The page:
The “Cuban Question” and the Cold War in Latin America, 1959–1964Tanya HarmerJournal of Cold War Studies, Vol. 21, No. 3: 114–151.This article explains how Latin American governments responded to the Cuban revolution and how the “Cuban question” played out in the inter-American system in the first five years of Fidel Castro's regime, from 1959 to 1964, when the Organization of American States imposed sanctions against the island. Drawing on recently declassified sources from Argentina, Chile, Mexico, Uruguay, and the United States, the article complicates U.S.-centric accounts of the inter-American system. It also adds to our understanding of how the Cold War was perceived within the region. The article makes clear that U.S. policymakers were not the only ones who feared Castro's triumph, the prospect of greater Soviet intervention, and the Cuban missile crisis. By seeking to understand why local states opposed Castro's ascendance and what they wanted to do to counter his regime, the account here offers new insight into the Cuban revolution's international impact and allows us to evaluate U.S. influence in the region during key years of the Cold War.https://www.mitpressjournals.org/doi/10.1162/jcws_a_00896?ai=s7&ui=s96v&af=Tamp;af=T
Planning for a War in Paradise: The 1966 Honolulu Conference and theShape of the Vietnam WarGregory A. DaddisJournal of Cold War Studies, Vol. 21, No. 3: 152–184.This article explores the impact of one of the key non-military events in the U.S. war in Vietnam, at least in the crucial years from 1964 to 1968. During a two-day U.S.–South Vietnamese conference held in Honolulu in early 1966, Secretary of Defense Robert S. McNamara and Secretary of State Dean Rusk laid out a series of overarching strategic objectives, both military and political, that shaped the allied war effort through the 1968 Tet offensive, and even beyond. The goals outlined at the summit remained the touchstone of U.S. military strategy until they were superseded in 1969 by a policy of “Vietnamization” under the Nixon administration. These political-military objectives, however, suggested a fundamental problem with the U.S. approach to Vietnam, based as it was on a dangerous mixture of naïveté and idealism stemming from faulty assumptions about the efficacy of U.S. power abroad during the Cold War.https://www.mitpressjournals.org/doi/10.1162/jcws_a_00897?ai=s7&ui=s96v&af=Tamp;af=T
U.S. Perceptions of the Communist Threat in Iran during the Mossadegh EraMark J. GasiorowskiJournal of Cold War Studies, Vol. 21, No. 3: 185–221.Most studies of the coup d’état in Iran in August 1953—a coup backed by U.S. and British intelligence agencies—attribute it at least partly to U.S. concerns about the threat of a Communist takeover in Iran. This article examines the evidence available to U.S. officials about the nature of the Communist threat in Iran prior to the coup, in the form of reports, analyses, and policy papers written on this subject at the time by U.S. officials. The documentation reveals that U.S. policymakers did not have compelling evidence that the threat of a Communist takeover was increasing substantially in the months before the coup. Rather, the Eisenhower administration interpreted the available evidence in a more alarming manner than the Truman administration had. The coup the administration undertook in response was therefore premature, at best.https://www.mitpressjournals.org/doi/10.1162/jcws_a_00898?ai=s7&ui=s96v&af=Tamp;af=T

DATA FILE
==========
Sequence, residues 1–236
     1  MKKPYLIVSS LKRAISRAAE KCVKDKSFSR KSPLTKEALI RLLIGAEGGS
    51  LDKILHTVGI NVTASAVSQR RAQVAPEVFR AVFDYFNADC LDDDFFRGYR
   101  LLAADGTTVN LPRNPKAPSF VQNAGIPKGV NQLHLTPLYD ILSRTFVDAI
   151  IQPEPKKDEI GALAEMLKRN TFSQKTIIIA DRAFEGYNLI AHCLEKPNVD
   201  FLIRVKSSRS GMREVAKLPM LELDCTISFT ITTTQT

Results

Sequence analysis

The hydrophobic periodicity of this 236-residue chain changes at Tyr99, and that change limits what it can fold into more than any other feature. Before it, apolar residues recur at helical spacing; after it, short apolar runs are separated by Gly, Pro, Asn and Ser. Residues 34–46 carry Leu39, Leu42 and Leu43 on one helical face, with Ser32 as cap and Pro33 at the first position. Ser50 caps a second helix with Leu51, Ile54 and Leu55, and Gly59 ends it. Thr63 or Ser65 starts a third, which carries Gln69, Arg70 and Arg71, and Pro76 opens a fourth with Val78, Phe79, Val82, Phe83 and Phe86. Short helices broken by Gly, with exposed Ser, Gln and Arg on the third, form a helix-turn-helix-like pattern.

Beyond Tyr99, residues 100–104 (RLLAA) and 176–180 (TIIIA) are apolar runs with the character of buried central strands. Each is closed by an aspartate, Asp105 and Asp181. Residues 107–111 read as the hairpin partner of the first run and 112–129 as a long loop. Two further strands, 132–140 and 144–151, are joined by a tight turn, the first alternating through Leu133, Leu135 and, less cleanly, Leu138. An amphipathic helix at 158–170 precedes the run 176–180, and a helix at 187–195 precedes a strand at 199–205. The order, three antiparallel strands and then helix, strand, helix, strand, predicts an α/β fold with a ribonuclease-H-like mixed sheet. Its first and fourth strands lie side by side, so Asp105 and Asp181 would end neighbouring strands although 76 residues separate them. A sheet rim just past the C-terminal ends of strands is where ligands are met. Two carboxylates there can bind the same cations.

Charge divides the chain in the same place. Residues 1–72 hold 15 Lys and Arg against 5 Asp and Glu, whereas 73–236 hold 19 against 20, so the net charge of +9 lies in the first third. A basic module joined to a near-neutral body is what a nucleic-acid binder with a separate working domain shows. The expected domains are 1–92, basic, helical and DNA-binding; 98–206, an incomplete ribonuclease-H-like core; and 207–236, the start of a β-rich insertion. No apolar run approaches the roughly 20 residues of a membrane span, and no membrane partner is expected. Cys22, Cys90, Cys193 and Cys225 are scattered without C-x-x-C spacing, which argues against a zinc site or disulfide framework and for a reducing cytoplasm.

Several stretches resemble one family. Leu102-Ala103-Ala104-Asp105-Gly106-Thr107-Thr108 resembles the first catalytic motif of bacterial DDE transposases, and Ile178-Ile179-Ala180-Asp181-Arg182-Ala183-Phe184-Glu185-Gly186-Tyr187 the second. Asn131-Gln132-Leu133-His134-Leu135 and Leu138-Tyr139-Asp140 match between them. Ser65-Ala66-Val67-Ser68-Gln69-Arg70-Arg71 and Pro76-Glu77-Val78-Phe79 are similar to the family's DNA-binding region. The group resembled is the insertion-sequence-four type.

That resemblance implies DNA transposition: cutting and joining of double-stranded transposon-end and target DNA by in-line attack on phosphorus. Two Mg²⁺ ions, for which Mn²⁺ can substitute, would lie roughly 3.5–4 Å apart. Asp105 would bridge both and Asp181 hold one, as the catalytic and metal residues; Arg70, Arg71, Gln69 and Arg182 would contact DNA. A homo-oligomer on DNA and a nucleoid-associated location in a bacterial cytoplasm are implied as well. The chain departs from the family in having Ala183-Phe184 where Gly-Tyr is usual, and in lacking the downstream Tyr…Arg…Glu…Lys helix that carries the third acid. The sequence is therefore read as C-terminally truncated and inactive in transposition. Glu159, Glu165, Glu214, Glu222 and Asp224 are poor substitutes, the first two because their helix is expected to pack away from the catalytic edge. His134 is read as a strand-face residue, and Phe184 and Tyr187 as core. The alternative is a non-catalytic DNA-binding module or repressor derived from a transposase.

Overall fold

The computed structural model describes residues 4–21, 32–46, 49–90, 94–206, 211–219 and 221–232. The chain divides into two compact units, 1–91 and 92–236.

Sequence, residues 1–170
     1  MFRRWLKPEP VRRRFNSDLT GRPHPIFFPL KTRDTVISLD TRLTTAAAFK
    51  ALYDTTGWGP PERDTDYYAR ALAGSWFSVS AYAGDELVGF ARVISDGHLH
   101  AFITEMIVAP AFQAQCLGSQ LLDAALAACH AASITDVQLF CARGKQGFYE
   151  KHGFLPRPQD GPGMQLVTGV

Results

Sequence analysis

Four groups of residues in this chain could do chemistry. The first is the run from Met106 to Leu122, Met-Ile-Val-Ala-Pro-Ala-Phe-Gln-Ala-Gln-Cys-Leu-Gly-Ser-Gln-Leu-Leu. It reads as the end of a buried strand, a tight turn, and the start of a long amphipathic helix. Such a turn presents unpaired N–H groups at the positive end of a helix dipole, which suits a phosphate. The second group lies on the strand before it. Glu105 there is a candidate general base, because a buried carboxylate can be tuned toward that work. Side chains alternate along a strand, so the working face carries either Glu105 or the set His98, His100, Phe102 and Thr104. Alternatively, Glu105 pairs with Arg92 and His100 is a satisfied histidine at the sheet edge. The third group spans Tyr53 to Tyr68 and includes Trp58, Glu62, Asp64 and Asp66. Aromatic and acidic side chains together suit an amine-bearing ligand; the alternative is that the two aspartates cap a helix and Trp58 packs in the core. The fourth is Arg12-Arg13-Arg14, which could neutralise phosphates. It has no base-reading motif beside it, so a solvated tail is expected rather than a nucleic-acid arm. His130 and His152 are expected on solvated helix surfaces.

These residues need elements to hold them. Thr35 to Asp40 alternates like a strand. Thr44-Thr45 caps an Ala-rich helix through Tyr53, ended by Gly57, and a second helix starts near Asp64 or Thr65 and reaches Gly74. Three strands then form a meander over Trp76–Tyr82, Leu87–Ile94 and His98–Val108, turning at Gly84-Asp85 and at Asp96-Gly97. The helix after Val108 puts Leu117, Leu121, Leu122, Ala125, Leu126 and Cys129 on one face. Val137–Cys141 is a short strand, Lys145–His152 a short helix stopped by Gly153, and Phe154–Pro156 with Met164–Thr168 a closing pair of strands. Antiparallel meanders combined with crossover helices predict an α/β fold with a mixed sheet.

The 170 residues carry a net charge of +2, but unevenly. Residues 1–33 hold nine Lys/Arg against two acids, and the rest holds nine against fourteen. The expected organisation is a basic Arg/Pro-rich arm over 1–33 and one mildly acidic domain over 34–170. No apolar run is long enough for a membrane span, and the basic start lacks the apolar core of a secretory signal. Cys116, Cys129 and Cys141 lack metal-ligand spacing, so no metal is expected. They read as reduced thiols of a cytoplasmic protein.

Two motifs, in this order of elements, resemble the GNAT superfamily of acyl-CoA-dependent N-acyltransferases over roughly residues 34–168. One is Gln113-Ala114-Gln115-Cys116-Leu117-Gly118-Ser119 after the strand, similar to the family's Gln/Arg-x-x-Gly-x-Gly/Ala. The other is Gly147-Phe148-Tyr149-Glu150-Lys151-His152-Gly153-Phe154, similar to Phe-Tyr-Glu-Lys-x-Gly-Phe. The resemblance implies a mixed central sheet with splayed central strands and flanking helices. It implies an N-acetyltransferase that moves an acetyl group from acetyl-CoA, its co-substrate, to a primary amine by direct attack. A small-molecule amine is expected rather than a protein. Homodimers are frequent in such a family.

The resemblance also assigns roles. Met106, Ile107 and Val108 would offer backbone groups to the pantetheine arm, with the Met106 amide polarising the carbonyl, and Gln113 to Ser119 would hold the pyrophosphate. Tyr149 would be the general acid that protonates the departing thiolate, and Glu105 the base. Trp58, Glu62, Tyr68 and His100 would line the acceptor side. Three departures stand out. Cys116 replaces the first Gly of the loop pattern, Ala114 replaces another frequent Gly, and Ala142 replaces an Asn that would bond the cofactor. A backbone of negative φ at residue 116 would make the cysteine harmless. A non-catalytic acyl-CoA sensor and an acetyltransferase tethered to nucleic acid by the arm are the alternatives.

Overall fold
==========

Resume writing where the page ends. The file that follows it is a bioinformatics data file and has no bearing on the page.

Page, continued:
Cold War Adviser: Llewellyn Thompson and the Making of U.S. Policy toward the Soviet UnionJames Goldgeier, Thomas W. SimonsJr., Vladimir Pechatnov, Vladislav Zubok, Dan Caldwell, Jenny Thompson, and Sherry ThompsonJournal of Cold War Studies, Vol. 21, No. 3: 222–257.Llewellyn Thompson was arguably the most influential figure who ever advised U.S. presidents about policy toward the Soviet Union during the Cold War, yet until 2018 no book-length biography of him had appeared. Fortunately, a stellar biography was published last year, and it is the subject of this book forum. Thompson's two daughters, Jenny and Sherry, wrote the book after carrying out extensive archival research. The finished book is both absorbing and illuminating, a book worthy of Thompson. Five experts offer commentaries on various aspects of the book, followed by a reply from Thompson's daughters.https://www.mitpressjournals.org/doi/10.1162/jcws_c_00899?ai=s7&ui=s96v&af=Tamp;af=T
The Interrogation Rooms of the Korean War: The Untold StoryWilliam StueckJournal of Cold War Studies, Vol. 21, No. 3: 258–260.https://www.mitpressjournals.org/doi/10.1162/jcws_r_00900?ai=s7&ui=s96v&af=Tamp;af=T
Sowjetisch-indische Beziehungen 1941–1966: Imperiale Agenda und nationale Identität in der Ära von Dekolonisierung und Kaltem KriegVojtech MastnyJournal of Cold War Studies, Vol. 21, No. 3: 260–261.https://www.mitpressjournals.org/doi/10.1162/jcws_r_00901?ai=s7&ui=s96v&af=Tamp;af=T
Thomas C. Mann: President Johnson, the Cold War, and the Restructuring of Latin American Foreign PolicyAlan McPhersonJournal of Cold War Studies, Vol. 21, No. 3: 262–264.https://www.mitpressjournals.org/doi/10.1162/JCWS_r_00902?ai=s7&ui=s96v&af=Tamp;af=T
Le Péril rouge: Washington face à l'eurocommunismeGuido FormigoniJournal of Cold War Studies, Vol. 21, No. 3: 264–266.https://www.mitpressjournals.org/doi/10.1162/jcws_r_00903?ai=s7&ui=s96v&af=Tamp;af=T